• Install rain barrels or other water conservation systems to collect water, which saves money and is drought friendly. Learn more about El Niño and the Drought.
  • Get a kit, get a plan, and practice it! Remember, your preparing for El Niño will better prepare you for whatever LA might throw our way.
  • If you’re concerned about flooding, get sandbags before storms arrive. Learn how to get free sandbags.

Learn more > > > http://www.elninola.com/ready/

Experts explain how to deal with post-flood mold issues

Picture-blogFGAs many residents continue in the cleaning process, there could be hidden damage the flooding may have left in homes. Experts explain just how serious mold can be and what you need to know to protect you and your family.

Certain types of mold can grow within 48 hours and in some cases it can take just three weeks for mold to surface, but the excess moisture in a home is all the mold needs to grow.

“Anytime you have water come into your home, and it’s not properly dried you’re going to have mold, it’s indefinite, it’s going to happen,” explained Michael Burke, a bio-hazard expert, with A&I Fire & Water Restoration in Myrtle Beach.

Burke said when checking a home for damage, it should be a priority for homeowners to look for mold. Burke says his company has been busy responding to calls since the flood about water damage, and particularly mold concerns. “When we come in, we get the water out of the house, we extract the water from the house, remove any wet building materials, that won’t dry out or can’t dry out in a sufficient amount of time, then dry the structure out,” he explained.

Mold can quickly develop; it can take 48 hours or even three weeks before the signs surface. Burke said mold won’t always be seen. It could be hidden behind walls, underneath the home and even inside insulation.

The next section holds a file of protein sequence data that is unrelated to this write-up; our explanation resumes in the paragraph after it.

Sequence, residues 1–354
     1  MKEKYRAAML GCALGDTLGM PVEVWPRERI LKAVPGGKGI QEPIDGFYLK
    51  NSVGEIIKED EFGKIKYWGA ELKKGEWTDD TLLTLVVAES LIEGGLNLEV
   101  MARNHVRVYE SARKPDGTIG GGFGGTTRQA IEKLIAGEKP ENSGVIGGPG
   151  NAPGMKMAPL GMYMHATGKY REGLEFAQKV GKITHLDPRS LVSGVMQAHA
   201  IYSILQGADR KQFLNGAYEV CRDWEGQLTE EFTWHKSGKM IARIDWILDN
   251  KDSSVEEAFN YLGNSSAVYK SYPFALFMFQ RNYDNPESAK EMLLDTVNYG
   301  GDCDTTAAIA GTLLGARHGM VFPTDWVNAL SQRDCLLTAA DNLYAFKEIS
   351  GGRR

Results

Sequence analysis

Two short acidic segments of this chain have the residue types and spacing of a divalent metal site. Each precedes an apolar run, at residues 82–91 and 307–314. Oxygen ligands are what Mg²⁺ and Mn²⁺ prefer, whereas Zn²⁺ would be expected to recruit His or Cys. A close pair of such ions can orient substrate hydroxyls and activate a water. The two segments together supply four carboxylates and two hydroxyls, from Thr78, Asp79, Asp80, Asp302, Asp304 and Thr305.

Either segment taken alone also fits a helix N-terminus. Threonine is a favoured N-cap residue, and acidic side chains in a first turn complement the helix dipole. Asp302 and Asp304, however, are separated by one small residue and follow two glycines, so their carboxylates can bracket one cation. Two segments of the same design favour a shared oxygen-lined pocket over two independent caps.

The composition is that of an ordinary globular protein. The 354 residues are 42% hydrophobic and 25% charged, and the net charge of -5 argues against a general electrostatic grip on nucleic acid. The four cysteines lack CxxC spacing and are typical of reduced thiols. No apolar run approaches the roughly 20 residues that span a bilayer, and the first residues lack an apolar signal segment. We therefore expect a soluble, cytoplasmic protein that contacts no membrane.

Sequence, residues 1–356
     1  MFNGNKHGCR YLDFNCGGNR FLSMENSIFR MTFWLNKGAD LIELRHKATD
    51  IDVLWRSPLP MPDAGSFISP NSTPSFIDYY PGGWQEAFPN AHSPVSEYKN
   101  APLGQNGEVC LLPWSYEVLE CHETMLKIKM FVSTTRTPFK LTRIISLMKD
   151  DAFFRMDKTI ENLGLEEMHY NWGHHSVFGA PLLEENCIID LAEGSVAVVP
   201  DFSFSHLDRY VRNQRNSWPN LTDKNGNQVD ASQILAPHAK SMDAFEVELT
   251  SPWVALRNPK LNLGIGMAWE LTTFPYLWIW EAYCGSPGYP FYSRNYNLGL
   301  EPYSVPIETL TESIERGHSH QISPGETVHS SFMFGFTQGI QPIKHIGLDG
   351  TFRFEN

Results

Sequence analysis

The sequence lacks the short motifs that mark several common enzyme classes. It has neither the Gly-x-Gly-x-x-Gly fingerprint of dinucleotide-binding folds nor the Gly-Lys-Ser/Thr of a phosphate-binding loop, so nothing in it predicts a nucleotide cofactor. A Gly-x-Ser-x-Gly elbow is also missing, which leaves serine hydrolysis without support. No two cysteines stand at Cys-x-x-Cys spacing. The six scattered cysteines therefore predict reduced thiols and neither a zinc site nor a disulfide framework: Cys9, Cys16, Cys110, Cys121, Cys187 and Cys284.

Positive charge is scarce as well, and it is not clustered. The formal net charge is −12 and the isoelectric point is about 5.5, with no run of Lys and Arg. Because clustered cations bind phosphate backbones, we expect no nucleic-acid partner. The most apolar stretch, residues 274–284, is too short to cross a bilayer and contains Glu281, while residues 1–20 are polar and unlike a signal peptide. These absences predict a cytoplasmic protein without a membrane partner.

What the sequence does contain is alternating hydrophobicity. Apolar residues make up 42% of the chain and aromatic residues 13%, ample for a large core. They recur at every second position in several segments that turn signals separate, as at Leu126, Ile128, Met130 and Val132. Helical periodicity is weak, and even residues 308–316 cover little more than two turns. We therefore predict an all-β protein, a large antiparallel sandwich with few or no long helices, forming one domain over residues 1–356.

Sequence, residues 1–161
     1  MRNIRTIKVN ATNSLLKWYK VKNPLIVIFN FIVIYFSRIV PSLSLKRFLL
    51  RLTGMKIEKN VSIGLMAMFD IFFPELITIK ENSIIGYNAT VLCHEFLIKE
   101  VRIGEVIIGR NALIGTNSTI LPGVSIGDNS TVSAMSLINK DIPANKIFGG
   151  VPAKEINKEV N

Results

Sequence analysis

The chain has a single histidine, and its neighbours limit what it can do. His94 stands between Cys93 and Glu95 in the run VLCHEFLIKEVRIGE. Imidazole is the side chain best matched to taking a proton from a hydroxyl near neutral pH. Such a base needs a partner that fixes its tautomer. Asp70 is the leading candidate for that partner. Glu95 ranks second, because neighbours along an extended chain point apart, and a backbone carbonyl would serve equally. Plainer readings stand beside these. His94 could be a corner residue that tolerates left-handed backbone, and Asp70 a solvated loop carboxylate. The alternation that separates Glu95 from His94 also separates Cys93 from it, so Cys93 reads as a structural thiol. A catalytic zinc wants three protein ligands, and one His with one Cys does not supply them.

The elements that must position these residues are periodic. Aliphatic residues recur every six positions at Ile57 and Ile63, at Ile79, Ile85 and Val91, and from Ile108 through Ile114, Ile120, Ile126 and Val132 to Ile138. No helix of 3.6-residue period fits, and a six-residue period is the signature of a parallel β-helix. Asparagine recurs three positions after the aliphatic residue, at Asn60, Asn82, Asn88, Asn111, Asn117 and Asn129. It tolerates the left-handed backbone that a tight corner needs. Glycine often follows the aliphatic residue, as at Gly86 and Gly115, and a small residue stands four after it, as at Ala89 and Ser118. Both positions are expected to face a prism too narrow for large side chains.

Burke said people that suffered actual home flood damage are not at risk. He said homes that did not get water damage could still see mold because of the excessive moisture of the rain and water.

“Having a house on a crawl space or a raised house it could be growing underneath the house whether it’s in the insulation, the duct work, or the structure,” said Burke. “Look at the two-by-fours too, it (mold) could grow down there and initially start to develop in the house.”

The health risks from mold can be serious. Symptoms include shortness of breath, a stuffy nose, irritated eyes, wheezing or skin irritation. According to the Centers for Disease Control and Prevention, even more serious risks could include mold infections developing in the lungs.  Burke added, “If you have allergies, asthma, or something similar, it may be a problem right away. Some people may not notice it for years that mold could be growing in their home.”

Burke adds trying to remove the mold on your own can be done, but he recommends calling a professional to make sure the mold is disposed of properly, and to prevent re-growth.

Household products, like bleach, are not recommended. Burke says most products contain water, which will make the treatment ineffective as mold could resurface from moisture once it begins to dry.

“Using bleach or something like that isn’t sufficient enough, you actually need some antimicrobial, a product the Environmental Protection Agency regulates to kill mold,” stated Burke.

Homeowners concerned about mold should contact an industrial hygienist to have air quality test performed that will check for mold in the home.

Burke says there is an industrial hygienist in most of the counties in the area.

Reference:

http://www.wmbfnews.com/story/30337818/experts-explain-how-to-deal-with-post-flood-mold-issues